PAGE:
The characteristics of the intranet application are that both clients and service use WCF, and that the client and the service are deployed in the same intranet. The clients reside behind the firewall, and you can use Windows-based security for transfer security, authentication, and authorization. You can rely on Windows accounts and groups to store the client’s credentials. The intranet scenario addresses a wide range of business applications, from finance to manufacturing to in-house IT applications. The intranet scenario is also the richest scenario of all in the options it offers developers for configuring security. The following section on the intranet scenario will also define the terminology, techniques, and types used in the other scenarios.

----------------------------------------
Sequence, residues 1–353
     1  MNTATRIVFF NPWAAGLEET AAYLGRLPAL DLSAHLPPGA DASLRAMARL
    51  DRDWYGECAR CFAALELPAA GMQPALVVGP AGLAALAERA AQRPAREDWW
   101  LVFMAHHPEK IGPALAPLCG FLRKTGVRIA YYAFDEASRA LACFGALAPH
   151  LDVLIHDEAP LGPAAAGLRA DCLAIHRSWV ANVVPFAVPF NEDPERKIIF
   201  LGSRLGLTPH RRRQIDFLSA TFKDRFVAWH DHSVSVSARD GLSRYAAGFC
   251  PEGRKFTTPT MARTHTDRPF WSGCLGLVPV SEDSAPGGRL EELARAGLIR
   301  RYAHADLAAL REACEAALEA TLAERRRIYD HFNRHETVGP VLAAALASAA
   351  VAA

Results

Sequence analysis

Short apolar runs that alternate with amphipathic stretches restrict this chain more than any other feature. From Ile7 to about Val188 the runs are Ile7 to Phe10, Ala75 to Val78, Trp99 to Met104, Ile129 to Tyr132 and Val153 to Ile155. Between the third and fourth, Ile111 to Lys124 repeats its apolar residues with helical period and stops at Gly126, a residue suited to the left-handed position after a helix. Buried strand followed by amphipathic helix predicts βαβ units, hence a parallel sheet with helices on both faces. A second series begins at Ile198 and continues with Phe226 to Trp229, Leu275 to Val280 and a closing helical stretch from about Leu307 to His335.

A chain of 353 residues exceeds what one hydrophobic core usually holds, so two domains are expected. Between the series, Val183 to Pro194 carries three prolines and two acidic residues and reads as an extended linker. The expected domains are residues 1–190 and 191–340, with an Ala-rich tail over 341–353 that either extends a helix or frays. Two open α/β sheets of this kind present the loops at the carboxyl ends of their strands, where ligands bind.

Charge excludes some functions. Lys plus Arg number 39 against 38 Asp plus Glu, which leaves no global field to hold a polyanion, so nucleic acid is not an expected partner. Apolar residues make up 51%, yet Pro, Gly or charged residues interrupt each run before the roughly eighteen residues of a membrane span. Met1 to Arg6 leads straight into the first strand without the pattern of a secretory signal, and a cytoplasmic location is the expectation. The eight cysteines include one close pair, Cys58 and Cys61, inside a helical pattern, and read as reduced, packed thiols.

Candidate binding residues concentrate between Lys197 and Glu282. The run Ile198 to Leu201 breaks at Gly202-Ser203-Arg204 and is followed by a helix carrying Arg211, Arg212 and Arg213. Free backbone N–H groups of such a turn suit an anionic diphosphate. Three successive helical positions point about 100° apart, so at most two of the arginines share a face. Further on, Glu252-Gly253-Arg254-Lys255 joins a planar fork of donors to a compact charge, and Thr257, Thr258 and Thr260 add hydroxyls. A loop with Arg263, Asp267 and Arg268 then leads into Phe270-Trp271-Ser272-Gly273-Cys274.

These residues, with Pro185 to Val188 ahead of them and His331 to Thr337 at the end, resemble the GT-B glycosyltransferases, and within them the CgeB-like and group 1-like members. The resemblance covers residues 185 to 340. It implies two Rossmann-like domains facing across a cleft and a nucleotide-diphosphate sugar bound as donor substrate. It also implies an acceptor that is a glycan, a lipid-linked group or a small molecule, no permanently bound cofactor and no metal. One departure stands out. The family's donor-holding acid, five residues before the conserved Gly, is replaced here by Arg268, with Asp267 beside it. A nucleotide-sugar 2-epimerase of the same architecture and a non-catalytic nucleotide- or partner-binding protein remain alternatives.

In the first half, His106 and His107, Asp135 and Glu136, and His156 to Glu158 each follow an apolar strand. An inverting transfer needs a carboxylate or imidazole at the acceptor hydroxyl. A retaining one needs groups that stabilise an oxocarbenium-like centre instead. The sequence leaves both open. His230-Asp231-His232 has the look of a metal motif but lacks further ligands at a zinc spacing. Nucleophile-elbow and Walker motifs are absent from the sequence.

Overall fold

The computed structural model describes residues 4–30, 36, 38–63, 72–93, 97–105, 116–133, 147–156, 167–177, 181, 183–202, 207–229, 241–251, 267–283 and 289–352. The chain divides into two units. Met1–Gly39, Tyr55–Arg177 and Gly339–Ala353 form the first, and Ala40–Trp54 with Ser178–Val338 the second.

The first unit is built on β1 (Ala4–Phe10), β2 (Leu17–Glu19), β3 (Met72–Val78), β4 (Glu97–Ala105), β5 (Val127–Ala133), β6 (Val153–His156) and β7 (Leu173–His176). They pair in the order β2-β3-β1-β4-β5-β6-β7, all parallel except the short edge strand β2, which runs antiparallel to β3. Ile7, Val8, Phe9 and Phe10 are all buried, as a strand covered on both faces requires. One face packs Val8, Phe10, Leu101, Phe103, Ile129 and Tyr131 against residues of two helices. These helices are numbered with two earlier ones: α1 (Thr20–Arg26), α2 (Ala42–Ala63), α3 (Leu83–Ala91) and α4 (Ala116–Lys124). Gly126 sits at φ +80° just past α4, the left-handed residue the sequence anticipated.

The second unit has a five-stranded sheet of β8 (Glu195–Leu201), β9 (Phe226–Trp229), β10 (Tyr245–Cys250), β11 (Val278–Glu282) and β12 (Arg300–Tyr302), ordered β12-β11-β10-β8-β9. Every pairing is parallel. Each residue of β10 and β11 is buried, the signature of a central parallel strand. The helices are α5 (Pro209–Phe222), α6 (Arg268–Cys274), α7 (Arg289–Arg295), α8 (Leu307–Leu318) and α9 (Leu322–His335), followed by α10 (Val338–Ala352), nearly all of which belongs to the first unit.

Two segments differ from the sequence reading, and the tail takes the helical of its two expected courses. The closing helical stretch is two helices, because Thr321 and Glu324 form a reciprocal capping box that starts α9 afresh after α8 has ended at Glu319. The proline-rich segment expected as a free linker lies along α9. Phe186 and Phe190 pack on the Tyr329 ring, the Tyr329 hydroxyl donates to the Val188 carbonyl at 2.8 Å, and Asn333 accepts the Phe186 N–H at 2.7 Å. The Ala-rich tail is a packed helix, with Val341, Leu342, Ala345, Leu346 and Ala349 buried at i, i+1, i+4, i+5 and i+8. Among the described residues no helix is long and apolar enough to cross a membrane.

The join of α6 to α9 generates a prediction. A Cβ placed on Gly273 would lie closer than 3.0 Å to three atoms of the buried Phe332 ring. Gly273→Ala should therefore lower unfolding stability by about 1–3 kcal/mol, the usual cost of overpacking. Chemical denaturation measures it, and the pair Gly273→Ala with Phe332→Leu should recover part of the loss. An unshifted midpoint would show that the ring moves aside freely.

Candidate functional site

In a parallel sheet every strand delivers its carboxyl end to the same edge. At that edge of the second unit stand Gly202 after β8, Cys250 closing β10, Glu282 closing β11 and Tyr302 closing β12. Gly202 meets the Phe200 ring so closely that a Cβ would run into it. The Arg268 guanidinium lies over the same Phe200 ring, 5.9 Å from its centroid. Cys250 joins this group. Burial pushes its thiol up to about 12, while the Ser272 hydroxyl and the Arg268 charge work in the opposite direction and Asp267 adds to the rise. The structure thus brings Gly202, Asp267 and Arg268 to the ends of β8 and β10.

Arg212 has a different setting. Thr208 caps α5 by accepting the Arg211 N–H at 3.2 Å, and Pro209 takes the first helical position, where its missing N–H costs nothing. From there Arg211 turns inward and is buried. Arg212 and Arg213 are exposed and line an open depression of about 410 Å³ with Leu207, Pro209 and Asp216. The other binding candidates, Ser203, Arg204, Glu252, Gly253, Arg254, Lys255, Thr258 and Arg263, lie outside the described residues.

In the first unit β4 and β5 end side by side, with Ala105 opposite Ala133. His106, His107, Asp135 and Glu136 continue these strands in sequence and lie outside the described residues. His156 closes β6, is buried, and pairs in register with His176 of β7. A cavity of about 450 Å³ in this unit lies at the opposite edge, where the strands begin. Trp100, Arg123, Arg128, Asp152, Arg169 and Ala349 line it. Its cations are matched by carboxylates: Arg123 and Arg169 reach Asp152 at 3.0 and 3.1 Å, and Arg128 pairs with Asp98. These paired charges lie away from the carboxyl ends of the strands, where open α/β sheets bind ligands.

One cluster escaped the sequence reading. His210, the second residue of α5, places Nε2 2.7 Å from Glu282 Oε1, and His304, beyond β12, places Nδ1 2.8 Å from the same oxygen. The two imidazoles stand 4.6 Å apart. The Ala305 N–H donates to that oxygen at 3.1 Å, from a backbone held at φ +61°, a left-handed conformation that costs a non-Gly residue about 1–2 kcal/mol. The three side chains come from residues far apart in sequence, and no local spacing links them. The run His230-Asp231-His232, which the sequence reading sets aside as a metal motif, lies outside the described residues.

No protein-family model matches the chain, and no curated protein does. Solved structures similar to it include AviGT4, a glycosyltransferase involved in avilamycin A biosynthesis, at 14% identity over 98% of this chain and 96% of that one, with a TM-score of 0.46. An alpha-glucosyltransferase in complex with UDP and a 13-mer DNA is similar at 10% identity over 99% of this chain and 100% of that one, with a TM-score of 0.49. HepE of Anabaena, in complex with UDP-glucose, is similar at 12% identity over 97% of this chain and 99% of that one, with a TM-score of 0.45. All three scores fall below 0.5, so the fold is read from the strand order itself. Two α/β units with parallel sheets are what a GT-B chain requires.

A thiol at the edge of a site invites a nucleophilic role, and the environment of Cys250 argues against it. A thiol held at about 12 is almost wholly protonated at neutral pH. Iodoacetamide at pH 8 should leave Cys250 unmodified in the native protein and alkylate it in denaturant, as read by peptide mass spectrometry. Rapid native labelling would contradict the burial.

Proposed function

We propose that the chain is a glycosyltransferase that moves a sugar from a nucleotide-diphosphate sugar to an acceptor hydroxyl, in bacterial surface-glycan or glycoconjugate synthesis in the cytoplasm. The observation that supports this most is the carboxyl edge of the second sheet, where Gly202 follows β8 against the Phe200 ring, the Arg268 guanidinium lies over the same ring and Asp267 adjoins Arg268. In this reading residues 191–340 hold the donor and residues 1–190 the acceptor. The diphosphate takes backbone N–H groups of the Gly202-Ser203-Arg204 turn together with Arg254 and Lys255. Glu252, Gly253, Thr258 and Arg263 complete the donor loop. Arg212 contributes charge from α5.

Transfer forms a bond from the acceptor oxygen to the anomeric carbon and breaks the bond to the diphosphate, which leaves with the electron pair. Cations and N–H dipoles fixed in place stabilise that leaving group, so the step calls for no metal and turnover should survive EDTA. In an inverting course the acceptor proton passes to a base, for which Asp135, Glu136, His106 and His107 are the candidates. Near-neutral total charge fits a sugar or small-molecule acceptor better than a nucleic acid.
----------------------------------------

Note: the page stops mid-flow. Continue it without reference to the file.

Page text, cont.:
For the intranet scenario, you should use the intranet bindings; namely,
NetMsmqBinding. You can rely on Transport mode for transfer security because the calls are invariably point-to-point. Conveniently, Transport security is the default transfer mode of the intranet bindings (see Table 10-1). For client credentials type, you set the transport client credentials type to Windows, which again is the default (see Table 10-2). You need to configure this on both the client and the service.
The three intranet bindings need to be configured for transport security. Each of the three intranet bindings has a ...